Investigation reveals how football can be used to launder money
English football clubs can be bought by criminals and then used to launder the proceeds of their criminal activities, an undercover investigation has found.
The documentary The Men Who Sell Football, broadcast on Al Jazeera on Monday evening (August 9), focused on the activities of an offshore finance expert and a former Metropolitan Police Service detective who were allegedly involved in the buying and selling of clubs to Chinese and Russian buyers who had been forced to hide their wealth from their governments.
In the documentary, a team of three undercover reporters are seen posing as agents to buy an English club for a fictitious Chinese national who had fled to Hong Kong after being convicted for corruption.
The English Football League’s (EFL) Owners’ and Directors’ Test bars anybody who has an unspent criminal conviction with a sentence of more than 12 months from owning a club.
A statement issued by Al Jazeera said one of the men had “offered our fictitious criminal a new identity by purchasing a EU passport for ten million euro. Our undercover reporters reached the brink of striking a deal for the criminal investor to buy Derby County FC, one of England’s oldest football clubs.”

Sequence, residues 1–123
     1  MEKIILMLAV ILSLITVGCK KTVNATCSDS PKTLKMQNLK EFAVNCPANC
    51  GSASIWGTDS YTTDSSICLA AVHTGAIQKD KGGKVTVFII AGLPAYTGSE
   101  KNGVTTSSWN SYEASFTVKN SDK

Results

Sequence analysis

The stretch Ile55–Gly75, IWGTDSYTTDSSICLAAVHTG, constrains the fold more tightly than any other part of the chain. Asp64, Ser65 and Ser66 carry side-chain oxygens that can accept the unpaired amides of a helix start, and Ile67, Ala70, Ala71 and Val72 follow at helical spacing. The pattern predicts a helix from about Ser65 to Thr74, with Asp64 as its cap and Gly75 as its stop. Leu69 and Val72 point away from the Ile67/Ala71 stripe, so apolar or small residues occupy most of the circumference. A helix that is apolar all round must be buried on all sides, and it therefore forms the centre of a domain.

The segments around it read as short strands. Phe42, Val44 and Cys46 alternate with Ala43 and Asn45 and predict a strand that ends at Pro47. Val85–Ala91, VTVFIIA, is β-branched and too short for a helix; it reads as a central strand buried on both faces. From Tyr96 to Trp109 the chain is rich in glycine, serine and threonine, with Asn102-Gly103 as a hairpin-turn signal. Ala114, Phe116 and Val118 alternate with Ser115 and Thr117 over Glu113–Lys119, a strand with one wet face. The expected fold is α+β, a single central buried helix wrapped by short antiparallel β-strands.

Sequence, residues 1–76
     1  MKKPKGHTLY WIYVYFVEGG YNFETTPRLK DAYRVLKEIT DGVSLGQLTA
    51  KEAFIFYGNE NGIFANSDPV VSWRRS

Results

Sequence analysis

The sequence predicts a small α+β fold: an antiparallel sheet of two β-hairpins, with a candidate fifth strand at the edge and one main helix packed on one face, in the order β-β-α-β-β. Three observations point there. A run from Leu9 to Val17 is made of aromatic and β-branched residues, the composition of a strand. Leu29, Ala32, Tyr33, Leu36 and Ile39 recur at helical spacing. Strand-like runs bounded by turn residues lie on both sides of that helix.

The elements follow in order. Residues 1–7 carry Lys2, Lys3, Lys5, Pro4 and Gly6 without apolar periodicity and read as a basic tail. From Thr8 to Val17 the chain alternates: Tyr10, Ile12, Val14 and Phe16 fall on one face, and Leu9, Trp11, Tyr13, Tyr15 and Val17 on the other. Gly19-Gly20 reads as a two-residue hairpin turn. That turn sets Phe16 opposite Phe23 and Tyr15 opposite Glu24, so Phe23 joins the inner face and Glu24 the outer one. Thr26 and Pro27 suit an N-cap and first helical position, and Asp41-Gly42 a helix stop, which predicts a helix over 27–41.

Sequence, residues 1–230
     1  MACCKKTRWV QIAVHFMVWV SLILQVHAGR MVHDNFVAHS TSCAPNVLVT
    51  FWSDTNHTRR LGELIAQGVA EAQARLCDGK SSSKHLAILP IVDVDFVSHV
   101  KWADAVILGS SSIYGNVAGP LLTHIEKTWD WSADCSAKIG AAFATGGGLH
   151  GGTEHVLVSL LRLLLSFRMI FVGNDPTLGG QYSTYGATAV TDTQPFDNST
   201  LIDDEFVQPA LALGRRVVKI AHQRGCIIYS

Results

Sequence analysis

Ben Cowdock of Transparency International, a global organisation that fights against corruption and assisted with the documentary said: “Football fans should be angry because the investigation shows the… vulnerability of the English football system to funds from dubious origins and unsuitable owners for their clubs.”
“Al Jazeera’s investigation into football club ownership will be of great interest to the police and also the English football authorities.”
Al Jazeera’s investigative documentary unit which produced the programme has previously been instrumental in exposing match fixing in international cricket.